English Grammar – Introduction to Verbs Before Learning Tenses

Before we start learning tenses and other grammar topics of English language we need to go to basics and it is essential to have some knowledge and understanding of Verbs.

What is a sentence?

In simple words a sentence is a group of words that are put together to mean something. A sentence should have atleast a subject and a verb to express a thought or an action.


What is a verb?

  • A verb is a kind of word that tells about an action or a state.
  • A verb is the main part of a sentence.
  • There cannot be a sentence without verb. And, verbs are the only kind of words that change to show present, past or future tense.

Kinds of verbs: There are three kinds of verbs.

  1. Action verbs.
  2. Linking verbs.
  3. Auxiliary verbs / Helping verbs.


1. Action verbs: An action verb expresses mental or physical action.

  • Example: 1. Jay thought about the math problem. (Mental action)

In this sentence, the verb thought indicates mental action.

  • Example:  2. He plays football every evening. (Physical action).

In this sentence the verb plays indicates physical action.

2. Linking verbs : Linking verbs make a statement by connecting the subject with a word that describes it.

Example: He has been sick.

3. Auxiliary verbs or helping verbs: They are used together with a verb to show the tense of the verb or to form a question or negative sentence.

  • Example: They are working on a project.       (positive)

In this sentence are is a helping verb.

  • Example: I am not watching T V these days. (negative)

In this sentence am is a helping verb.

The helping verbs in English language are:

am, is, are, be, been, was, were, have, has, had, do, does, did.

Note: These verbs can be either standalone or auxiliary verbs in a sentense.

What are Modal verbs?

Some helping verbs that perform other specific tasks to further modify the action or meaning of the main verb.

Example sentence


I can speak a little Spanish.


Could you please open the window?


He may be home late.


You might have discussed with Your parents.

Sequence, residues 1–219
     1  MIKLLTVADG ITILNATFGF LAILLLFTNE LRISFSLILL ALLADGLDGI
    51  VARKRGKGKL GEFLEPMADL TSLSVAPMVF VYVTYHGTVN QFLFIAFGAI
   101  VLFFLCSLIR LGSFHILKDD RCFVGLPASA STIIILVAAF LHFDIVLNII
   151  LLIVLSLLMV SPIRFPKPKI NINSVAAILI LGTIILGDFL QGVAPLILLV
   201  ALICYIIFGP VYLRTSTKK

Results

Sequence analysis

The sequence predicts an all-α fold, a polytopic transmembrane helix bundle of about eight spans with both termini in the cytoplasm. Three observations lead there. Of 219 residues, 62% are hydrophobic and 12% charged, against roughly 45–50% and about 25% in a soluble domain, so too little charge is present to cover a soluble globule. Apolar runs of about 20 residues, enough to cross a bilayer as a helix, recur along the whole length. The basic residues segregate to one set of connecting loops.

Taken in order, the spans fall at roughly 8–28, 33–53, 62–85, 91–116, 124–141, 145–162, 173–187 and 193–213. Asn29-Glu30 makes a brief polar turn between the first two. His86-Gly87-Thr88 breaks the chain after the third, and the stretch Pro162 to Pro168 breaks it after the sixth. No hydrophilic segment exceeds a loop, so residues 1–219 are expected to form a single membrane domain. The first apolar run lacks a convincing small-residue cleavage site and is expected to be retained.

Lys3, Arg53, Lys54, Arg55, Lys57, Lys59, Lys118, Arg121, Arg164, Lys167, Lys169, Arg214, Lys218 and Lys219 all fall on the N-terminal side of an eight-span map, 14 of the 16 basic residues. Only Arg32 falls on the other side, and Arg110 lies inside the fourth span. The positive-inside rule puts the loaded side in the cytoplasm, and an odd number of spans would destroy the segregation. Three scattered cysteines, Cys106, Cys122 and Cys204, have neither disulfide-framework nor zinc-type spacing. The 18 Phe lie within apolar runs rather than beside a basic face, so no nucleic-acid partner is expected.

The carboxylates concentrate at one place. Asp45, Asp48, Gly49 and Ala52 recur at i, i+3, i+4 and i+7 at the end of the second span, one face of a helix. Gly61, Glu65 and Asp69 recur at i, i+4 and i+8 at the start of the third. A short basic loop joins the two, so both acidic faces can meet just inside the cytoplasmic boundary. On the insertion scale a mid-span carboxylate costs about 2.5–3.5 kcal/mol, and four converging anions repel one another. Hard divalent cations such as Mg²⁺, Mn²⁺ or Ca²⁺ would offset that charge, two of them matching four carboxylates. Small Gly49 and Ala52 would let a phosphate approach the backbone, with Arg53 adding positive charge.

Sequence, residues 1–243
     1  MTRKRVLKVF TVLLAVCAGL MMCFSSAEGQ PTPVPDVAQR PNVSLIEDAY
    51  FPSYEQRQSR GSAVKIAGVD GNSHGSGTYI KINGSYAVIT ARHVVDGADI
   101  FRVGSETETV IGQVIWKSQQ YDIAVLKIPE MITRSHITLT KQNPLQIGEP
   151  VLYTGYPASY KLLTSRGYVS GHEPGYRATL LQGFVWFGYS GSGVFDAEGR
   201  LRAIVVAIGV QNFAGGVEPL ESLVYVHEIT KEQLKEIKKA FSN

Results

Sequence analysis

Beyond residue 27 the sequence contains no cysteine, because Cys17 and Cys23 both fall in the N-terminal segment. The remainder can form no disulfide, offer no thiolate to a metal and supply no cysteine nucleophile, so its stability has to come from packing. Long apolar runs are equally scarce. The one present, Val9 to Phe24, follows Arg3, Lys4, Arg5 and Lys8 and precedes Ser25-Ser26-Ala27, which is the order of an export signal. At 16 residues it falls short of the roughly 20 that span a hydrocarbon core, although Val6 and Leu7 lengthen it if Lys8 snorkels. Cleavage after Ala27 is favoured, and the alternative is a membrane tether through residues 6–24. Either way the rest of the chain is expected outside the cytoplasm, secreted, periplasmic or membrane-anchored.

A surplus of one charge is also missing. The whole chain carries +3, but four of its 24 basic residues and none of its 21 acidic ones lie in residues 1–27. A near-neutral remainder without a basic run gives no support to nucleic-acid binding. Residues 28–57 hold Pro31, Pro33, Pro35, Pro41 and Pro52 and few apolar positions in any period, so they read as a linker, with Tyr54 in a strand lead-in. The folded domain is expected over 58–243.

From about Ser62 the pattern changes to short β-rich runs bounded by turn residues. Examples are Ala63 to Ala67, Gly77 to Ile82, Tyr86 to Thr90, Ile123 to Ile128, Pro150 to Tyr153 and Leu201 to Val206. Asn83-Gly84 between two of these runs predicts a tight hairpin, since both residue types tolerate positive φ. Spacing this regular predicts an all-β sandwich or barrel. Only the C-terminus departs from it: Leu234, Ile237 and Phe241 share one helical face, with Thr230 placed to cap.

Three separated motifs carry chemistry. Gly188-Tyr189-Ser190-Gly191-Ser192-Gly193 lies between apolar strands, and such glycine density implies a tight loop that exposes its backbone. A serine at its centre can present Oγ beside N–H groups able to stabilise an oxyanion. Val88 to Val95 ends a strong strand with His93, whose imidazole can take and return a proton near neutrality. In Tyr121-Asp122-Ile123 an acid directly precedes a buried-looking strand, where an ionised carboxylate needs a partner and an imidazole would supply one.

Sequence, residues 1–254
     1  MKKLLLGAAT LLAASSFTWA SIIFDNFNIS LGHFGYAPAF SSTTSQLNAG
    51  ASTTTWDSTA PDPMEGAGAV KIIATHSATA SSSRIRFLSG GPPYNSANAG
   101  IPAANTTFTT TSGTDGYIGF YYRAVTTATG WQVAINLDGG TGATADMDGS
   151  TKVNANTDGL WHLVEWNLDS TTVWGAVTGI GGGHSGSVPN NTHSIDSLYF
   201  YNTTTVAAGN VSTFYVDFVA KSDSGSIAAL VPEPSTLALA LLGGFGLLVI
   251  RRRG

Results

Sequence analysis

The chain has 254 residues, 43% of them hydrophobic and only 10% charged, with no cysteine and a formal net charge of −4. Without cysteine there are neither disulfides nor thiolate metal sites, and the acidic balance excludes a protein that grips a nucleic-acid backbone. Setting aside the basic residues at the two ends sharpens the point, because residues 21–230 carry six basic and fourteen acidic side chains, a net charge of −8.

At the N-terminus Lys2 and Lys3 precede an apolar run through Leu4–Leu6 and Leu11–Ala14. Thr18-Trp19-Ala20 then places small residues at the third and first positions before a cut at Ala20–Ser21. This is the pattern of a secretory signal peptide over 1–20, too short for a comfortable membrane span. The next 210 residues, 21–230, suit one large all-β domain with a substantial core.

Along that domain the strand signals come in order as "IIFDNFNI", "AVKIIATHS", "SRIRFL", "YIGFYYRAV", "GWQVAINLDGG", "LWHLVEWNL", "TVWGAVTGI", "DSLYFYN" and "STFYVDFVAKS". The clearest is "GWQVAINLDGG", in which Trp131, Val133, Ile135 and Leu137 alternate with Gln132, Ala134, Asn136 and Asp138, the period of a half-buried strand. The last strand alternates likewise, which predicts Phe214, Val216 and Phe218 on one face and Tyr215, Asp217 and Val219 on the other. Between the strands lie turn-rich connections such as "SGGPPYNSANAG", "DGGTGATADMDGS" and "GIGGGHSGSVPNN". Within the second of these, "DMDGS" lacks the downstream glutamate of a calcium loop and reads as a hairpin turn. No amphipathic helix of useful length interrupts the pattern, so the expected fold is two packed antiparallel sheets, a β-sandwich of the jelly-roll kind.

That will be great.


I would love to play piano.


I shall join you.


They should be there by now.


I must go now.

ought to

You ought to go out once in a while.


Again, verbs are classified into two types based on their patterns in their inflection.

Regular verbs & Irregular verbs.

Regular verbs: Verbs that follow standard spelling patterns in their inflection. (Inflection is the name for the extra letter or letters added to adjectives, nouns and verbs). That means,                                                                                                                in regular verbs the past tense and past participle  is formed by adding an – ed ending.


Simple present Simple past Past participle
walk     walked     walked
play      played      played


     visited      visited
 reach   reached   reached
expect expected expected


In these examples we can see an –ed ending in each verb.

Irregular verbs: Verbs that don’t take on the regular spelling patterns of past and past participle verbs.

Example verbs:

Simple present Simple past Past participle
drink drank drunk
build built built
give gave given
think thought thought
teach taught taught


In these verbs we can’t find an –ed ending in past and past participle form.


There are some verbs in English language that spell all three forms- simple present, simple past and past participle  same. They are.


Simple present Simple past Past participle
bet bet bet
bid bid bid
broadcast broadcast broadcast
burst burst burst
cast cast cast
cost cost cost
cut cut cut
fit fit fit
forecast forecast forecast
hit hit hit
hurt hurt hurt
let let let
put put put
quit quit quit
read read read
set set set
shed shed shed
slit slit slit
split split split
spread spread spread
telecast telecast telecast
thrust thrust thrust
upset upset upset
wet wet wet


However, in the above words past and past participle form of read has to pronounced as ‘read’ as in sp`read’.


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